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doc.: IEEE /389r1 Submission November 2000 Steve Halford and Mark WebsterSlide 1 Overview of OFDM for a High Rate Extension Steve Halford Mark Webster Intersil Corporation Palm Bay, FL Overview and Outline of Proposal

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doc.: IEEE /389r1 Submission November 2000 Steve Halford and Mark WebsterSlide 2 Outline of Proposal Presentations TGg Regulatory Approval Plan Speaker: Jim Zyren Overview of OFDM for High Rate Speaker: Steve Halford Reuse of b Preambles with OFDM Speaker: Mark Webster Ultra-short Preamble with HRb OFDM Speaker: Mark Webster OFDM System Performance Speaker: Steve Halford Power Am Effects for HRb OFDM Speaker: Mark Webster Channelization for HRb OFDM Speaker: Mark Webster Phase Noise Sensitivity for HRb OFDM Speaker: Mark Webster Implementation and Complexity Issues for OFDM Speaker: Steve Halford Why OFDM for the High Rate b Extension? Speaker: Jim Zyren

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doc.: IEEE /389r1 Submission November 2000 Steve Halford and Mark WebsterSlide Why go to higher rates at 2.4GHz? b has been very successful – Large existing Infra-structure & customer familiarity Consumer demands for higher data rates –Enable multi-media for home market Superior Range and Performance is possible –2.4 GHz will have better range than 5 GHz for same power –Allow for antenna diversity –5 GHz wont be as clean as promised ( , co-exist) Deployment of a is slow Opportunity exists now for b to expand market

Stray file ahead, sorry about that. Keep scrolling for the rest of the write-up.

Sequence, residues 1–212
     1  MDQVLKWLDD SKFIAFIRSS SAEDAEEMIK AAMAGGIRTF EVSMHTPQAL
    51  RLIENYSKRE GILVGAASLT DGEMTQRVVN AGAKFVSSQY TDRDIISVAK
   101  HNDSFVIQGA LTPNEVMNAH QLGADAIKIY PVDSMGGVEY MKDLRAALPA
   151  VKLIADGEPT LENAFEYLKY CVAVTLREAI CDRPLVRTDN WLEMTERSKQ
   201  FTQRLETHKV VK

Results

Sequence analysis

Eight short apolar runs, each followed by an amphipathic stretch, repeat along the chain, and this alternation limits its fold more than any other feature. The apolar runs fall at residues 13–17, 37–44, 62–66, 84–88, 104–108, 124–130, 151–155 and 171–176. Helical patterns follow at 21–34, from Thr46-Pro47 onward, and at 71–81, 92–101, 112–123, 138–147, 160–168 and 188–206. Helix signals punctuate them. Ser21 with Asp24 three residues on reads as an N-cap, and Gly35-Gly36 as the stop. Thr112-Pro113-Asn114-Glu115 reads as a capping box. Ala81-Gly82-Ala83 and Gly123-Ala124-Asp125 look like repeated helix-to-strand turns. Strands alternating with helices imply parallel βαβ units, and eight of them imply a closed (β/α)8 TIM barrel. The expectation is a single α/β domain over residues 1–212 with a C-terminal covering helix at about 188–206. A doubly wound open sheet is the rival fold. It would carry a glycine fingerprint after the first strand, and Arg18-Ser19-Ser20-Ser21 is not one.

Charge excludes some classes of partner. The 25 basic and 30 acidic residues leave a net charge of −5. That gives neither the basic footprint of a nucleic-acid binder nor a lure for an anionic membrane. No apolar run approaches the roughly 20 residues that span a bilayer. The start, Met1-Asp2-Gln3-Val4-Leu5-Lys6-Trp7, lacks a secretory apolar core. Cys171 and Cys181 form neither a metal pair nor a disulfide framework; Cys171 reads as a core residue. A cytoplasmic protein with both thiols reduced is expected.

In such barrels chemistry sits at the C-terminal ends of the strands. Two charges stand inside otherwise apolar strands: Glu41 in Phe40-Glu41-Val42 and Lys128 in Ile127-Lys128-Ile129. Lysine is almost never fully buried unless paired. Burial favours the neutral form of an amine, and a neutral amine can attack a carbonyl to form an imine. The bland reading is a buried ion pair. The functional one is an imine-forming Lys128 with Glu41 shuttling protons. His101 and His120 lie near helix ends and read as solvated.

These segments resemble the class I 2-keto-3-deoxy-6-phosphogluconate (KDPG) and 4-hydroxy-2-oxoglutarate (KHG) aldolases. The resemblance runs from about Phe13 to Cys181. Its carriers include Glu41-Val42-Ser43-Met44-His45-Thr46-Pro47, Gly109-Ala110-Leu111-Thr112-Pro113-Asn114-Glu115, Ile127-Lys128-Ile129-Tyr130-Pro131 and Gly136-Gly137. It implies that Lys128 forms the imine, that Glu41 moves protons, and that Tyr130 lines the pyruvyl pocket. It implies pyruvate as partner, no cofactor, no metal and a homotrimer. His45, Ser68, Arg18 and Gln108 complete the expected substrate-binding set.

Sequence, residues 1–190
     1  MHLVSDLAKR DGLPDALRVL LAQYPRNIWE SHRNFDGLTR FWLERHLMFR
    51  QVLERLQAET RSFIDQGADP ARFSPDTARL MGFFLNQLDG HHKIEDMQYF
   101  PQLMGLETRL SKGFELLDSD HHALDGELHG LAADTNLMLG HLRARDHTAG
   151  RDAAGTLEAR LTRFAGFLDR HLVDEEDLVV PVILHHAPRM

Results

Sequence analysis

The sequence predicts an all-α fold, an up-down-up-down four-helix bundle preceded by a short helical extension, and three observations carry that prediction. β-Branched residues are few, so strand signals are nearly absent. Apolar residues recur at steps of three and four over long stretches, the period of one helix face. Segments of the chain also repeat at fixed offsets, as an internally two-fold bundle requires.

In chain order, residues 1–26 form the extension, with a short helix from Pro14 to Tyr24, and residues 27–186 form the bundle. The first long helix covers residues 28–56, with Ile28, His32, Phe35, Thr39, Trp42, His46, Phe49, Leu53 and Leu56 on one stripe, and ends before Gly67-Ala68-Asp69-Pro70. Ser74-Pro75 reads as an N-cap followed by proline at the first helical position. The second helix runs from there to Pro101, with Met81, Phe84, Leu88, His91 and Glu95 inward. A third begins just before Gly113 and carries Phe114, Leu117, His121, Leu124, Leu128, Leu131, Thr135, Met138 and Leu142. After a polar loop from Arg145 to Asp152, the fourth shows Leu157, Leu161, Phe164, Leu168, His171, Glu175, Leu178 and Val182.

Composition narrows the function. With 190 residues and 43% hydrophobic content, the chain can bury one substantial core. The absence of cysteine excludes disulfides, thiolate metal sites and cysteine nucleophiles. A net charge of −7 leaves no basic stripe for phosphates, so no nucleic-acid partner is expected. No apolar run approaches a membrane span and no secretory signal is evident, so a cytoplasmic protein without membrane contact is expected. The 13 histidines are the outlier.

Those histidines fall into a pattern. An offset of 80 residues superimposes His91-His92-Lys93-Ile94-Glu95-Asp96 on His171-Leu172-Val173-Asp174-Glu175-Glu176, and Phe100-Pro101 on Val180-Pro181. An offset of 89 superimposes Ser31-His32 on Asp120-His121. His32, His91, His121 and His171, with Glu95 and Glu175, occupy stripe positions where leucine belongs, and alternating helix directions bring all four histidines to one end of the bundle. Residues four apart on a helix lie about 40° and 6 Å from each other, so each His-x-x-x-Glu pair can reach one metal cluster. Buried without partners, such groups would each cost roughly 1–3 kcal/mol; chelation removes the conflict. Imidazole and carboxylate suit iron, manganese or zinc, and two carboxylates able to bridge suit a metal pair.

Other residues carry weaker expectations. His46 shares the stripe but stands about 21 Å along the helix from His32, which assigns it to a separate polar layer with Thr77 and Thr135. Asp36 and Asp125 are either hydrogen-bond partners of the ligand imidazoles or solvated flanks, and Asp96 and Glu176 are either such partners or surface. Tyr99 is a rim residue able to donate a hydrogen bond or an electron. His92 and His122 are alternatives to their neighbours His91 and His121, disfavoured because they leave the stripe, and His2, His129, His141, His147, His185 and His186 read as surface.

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doc.: IEEE /389r1 Submission November 2000 Steve Halford and Mark WebsterSlide Keys for Successful High Rate System Performance vs. Complexity must be attractive –AWGN performance is important to maintain range Implies Error correcting code for higher rate systems –Robust to multipath CCK is inherently robust & need to maintain this Time to market must be short –Standards & FCC will drive time to market Maintain backward compatibility Easy to extend to higher rates –Why stop at 20 Mbps?

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doc.: IEEE /389r1 Submission November 2000 Steve Halford and Mark WebsterSlide Waveforms for High Rate Extensions Codeword Modulation CCK-like extension –Information is transmitted by codeword selection Each group of n bits select one of 2 n codewords –Block coding with inherent multipath protection Symbol Modulation PBCC-like extension –Coded bits used to select constellation points –QAM or PSK with convolutional or block code –Standard modulation for satellite communications Multi-Code Modulation OFDM & DS-CDMA –Coded bits are sent in parallel using orthogonal basis functions –Used in OFDM and in synchronous DS-CDMA (e.g, downlink of IS-95 cellular)